If you know of any other writing organizations in Washington or anywhere on the planet, please let me know to by commenting down below.

Thank you for reading and, as always, may you have peace, love, and pancakes my literary dragons!

Sweet

My addiction to sweetness is killing
my body’s ability to produce
glucose regulating bland insulin.
Simultaneously, my need to know
what our politician are doing to
our air, our land, our water, our planet
is killing my ability to taste
the sweetness in a smile, in a laugh in
a clear sunny day, so I drown myself
in vapid suga.

Call Me Grandma

Human blood is my favorite drink, especially, young warm fresh blood. Thirty years old is just young enough to still have that sweetness of infantile wonder but old enough to have a tinge of disillusionment and a splash of mundane fears. On this day, I was finishing a thirty-year-old graduate student from the University of Washington. His blood was a mixture of one-night stands, homesickness, and too many bottles of mountain dew. Yet, his fear as I drained his body was worth the trip and I do love playing with my food.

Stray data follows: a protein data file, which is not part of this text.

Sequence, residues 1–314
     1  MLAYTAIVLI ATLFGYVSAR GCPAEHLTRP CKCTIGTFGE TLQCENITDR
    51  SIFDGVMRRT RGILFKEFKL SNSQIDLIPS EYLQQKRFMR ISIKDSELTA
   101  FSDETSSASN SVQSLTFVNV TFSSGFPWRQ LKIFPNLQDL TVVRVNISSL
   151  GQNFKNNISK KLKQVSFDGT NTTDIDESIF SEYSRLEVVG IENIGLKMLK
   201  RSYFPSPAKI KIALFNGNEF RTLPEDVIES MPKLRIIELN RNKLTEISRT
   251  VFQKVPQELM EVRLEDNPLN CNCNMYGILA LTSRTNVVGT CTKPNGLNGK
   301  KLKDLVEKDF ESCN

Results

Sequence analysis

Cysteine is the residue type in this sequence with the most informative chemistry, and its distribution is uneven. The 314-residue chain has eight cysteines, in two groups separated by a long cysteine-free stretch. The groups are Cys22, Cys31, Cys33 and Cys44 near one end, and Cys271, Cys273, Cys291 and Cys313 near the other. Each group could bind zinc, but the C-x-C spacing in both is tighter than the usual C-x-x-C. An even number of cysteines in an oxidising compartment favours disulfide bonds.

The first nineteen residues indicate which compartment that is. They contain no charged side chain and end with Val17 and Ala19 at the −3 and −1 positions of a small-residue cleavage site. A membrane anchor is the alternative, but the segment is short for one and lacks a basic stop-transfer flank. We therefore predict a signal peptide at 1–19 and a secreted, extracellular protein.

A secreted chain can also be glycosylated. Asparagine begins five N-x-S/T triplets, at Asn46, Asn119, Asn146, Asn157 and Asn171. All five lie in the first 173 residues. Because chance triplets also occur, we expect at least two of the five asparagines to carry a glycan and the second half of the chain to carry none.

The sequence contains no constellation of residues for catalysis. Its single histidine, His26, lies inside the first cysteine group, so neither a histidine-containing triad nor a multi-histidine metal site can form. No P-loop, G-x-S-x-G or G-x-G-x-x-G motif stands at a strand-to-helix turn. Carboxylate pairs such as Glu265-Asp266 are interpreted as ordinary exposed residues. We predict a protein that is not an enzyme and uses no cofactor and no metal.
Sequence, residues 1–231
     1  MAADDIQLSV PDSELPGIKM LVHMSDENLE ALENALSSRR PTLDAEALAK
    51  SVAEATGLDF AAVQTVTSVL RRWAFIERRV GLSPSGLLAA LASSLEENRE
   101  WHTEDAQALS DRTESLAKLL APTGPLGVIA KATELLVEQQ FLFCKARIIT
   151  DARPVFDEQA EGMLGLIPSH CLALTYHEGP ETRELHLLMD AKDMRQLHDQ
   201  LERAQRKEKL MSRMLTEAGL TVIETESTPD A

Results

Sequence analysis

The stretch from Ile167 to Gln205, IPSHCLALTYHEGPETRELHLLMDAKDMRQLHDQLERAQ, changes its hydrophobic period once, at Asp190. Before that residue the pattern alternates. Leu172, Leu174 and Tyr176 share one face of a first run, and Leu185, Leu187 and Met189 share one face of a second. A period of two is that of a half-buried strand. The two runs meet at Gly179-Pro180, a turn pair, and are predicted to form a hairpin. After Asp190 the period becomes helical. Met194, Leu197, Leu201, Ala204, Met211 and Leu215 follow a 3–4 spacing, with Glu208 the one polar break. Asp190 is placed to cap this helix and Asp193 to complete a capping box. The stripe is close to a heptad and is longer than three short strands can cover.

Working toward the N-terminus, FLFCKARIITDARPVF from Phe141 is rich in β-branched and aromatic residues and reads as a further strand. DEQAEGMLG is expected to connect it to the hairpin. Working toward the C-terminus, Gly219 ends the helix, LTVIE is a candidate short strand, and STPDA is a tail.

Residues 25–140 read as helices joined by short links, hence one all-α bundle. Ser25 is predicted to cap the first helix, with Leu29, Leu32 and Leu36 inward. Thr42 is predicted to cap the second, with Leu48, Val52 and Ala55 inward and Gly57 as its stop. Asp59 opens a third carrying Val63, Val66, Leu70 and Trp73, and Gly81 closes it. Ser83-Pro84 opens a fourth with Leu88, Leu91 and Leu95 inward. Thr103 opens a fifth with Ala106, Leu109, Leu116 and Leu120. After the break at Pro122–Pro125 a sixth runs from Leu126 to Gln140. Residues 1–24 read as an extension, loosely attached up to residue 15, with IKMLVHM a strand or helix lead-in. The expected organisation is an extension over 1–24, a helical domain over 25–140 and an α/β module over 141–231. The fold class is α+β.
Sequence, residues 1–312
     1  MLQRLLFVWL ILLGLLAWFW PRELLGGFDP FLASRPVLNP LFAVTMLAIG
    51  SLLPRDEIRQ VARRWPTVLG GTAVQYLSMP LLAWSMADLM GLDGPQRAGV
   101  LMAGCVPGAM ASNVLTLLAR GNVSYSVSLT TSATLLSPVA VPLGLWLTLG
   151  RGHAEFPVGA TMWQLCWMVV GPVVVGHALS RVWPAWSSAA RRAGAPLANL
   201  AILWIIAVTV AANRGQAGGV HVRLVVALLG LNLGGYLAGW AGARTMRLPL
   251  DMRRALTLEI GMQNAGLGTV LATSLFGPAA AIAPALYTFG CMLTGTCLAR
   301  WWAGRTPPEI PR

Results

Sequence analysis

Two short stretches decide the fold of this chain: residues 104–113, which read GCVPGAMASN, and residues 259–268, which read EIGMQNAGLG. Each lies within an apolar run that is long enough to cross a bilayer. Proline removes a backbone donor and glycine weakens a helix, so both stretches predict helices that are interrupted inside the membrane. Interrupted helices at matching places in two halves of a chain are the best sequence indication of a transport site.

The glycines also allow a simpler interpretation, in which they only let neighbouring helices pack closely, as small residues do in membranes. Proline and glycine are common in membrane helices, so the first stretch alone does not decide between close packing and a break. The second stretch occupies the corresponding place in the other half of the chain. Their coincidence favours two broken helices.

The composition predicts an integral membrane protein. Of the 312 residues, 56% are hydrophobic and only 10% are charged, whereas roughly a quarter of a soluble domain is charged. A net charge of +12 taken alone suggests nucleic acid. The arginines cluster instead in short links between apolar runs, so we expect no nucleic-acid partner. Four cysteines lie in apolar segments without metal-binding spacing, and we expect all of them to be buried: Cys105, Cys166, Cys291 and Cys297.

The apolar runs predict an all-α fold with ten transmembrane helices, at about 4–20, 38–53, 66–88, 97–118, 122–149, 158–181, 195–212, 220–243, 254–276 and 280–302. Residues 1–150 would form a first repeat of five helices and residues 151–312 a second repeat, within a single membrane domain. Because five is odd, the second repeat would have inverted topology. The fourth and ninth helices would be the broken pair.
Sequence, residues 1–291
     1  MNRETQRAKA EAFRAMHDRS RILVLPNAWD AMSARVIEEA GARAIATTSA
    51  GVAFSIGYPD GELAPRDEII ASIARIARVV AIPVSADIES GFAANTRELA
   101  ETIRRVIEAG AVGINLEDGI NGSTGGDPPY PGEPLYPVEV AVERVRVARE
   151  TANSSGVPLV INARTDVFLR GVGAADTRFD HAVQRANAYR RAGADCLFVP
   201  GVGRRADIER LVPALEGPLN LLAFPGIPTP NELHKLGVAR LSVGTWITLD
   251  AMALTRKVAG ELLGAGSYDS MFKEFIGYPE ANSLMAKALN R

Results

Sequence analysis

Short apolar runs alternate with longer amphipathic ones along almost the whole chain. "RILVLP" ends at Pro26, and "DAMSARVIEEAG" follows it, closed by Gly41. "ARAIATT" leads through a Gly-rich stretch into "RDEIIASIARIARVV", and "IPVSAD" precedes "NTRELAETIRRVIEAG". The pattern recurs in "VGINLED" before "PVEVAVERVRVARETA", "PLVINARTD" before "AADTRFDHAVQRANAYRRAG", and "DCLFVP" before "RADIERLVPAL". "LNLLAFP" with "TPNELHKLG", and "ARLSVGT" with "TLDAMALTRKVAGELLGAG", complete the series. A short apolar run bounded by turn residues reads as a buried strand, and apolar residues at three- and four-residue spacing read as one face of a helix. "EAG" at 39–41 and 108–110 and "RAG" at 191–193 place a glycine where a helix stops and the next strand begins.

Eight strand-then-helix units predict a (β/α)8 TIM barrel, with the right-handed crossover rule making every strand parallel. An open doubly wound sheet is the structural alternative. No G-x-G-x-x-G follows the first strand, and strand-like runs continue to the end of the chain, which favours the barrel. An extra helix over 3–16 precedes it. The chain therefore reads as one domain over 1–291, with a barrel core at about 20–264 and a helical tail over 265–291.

They are so cute when they beg.

As I was about to leave through the pentagram on his hands (why do “edgy” humans make it so easy for us?), I heard a knock at the door. Usually, that was my cue to hurry up and leave but I was still thirsty. Maybe it was that girl he was texting. She was twenty-five and therefore so much sweeter.

I listened as the faint knocking continued. After the third rendition of “Shave and a Hair Cut,” I heard a feeble voice.

“Larry, Larry, it’s your grandmother, can I come in?”

A grandmother! Grandmothers are terrifying. They are so close to death, that they know not to fear it. Worst of all, the wisest ones know how to deal with demons…The last one I dealt with sprayed me with holy water and threw a saddle at me.

I began rushing to open the gate through Larry’s hands when I heard the door unlock. My foot was halfway inside the gate when Larry’s grandmother came walking in. She was bent over like a cane and have a pink floral shawl draped over her shoulders. In her hands she carried a casserole dish that smelled of tomatoes and cheese. Her face was leathered and creased like a good book that has been read too often, but her eyes were tiny blue dots behind huge thick glasses.

I stood frozen. Not sure how she would respond to seeing her dead grandson and a red naked demon.

But she didn’t even look my way.

Instead, she beelined straight to the kitchen and began fiddling with the dirty dishes.

“Larry, honey, where did you place the soap? Oh, never mind, I think I found it.”

There was a crash and I started to smell blood.

“Oh, Nancy look what you did not.”

Against, my better judgement, I took my foot out of Larry and left the living room. I took a peak into the kitchen and saw Nancy holding a dirty towel to her hand.

“Larry, I think I need a Band-Aid. Can you go get one for me dear?”